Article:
Psychopathy is a poorly defined “condition”.
It’s not identifiable or describable by a sole characteristic; rather, it’s the tendency of a person to show a range of related traits and behaviors. These include a lack of empathy, an ability to become emotionally detached, a poor sense of self-preservation, has anti-authority proclivities, a lack of fear, and unconscientiousness.
Psychopaths are also more likely than others to be exhibit narcissism, just as they’re more likely to be Machiavellian (manipulative). When you think about it, capitalism is an ideal playground for ambitious psychopaths – climbing the social or career ladders without a thought to those pushed out of the way.
Still, none of these traits automatically make psychopaths “crazy” or “evil”, and in fact, although it does make those with high psychopathic tendencies appear to be somewhat ruthless and perhaps cold.
Frank Underwood: a machiavellian psychopath? Netflix via YouTube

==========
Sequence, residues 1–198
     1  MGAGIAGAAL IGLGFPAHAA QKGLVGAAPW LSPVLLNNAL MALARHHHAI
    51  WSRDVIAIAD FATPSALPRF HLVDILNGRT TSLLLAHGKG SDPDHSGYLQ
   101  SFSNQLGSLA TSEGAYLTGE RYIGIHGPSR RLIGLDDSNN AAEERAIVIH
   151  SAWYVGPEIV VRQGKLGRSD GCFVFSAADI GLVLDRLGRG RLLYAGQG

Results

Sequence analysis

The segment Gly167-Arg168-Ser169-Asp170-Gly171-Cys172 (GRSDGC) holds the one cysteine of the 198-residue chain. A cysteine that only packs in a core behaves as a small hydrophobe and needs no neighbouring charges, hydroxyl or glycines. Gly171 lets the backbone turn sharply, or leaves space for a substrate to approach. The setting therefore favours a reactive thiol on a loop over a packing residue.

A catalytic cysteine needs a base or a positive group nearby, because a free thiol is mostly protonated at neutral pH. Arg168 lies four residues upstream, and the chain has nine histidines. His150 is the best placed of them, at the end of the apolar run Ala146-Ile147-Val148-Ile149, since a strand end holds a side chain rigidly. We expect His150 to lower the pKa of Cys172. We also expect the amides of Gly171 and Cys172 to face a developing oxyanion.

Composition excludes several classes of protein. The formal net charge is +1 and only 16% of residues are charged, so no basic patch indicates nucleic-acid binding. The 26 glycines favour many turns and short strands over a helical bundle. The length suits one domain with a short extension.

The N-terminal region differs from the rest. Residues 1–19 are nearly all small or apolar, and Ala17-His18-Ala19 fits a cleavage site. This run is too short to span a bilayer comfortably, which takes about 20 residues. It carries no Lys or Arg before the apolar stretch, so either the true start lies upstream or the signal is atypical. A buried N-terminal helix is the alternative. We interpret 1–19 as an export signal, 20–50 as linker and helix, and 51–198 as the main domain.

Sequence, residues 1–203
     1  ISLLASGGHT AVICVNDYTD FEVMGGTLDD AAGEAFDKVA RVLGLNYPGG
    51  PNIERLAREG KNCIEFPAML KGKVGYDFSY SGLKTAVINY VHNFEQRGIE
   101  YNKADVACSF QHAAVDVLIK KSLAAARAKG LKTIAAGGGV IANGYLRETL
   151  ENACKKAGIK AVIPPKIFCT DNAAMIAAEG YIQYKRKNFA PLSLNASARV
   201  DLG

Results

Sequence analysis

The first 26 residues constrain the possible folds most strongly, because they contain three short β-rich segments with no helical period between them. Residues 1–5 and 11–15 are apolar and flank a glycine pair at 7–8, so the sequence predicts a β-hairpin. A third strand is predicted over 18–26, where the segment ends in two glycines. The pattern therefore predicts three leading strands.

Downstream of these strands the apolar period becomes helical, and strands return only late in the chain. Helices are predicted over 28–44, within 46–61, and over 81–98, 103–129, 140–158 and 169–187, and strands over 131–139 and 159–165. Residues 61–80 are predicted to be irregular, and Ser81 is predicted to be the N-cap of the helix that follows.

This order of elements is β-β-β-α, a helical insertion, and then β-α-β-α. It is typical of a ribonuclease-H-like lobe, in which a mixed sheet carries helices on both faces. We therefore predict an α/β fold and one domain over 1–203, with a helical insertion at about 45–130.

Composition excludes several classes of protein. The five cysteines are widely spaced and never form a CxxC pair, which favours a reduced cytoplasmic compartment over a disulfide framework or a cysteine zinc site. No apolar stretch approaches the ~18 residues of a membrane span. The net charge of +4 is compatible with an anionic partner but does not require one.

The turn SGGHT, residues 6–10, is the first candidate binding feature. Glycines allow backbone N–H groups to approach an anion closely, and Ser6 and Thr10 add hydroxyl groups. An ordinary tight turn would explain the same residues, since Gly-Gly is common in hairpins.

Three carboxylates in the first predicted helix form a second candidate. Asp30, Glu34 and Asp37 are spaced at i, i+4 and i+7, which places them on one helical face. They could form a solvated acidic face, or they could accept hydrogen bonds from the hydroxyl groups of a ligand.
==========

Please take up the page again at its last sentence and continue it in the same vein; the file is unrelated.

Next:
Violent psychopaths can be both good and evil, so to speak – the example of James Bond and Dr. No are often cited in this case. Non-violent psychopaths have incredibly useful roles in society for the most part. Think negotiators, surgeons, spies, astronauts, mountaineers and, funnily enough, journalists.
As you can see, it’s complicated. Ultimately then, this study is something of a game-changer.
The team hope that by finding one clearly defined neurological driver of psychopathy, the definition of the condition becomes more scientifically rigorous and tangible.
It helps to highlights the fact that the brains of psychopaths aren’t unsolvable, impenetrable enigmas. They’re just wired differently, and that in itself doesn’t necessarily make them evil or monsters – it just makes them different.
“They're not aliens,” Buckholtz concludes. “They're people who make bad decisions.”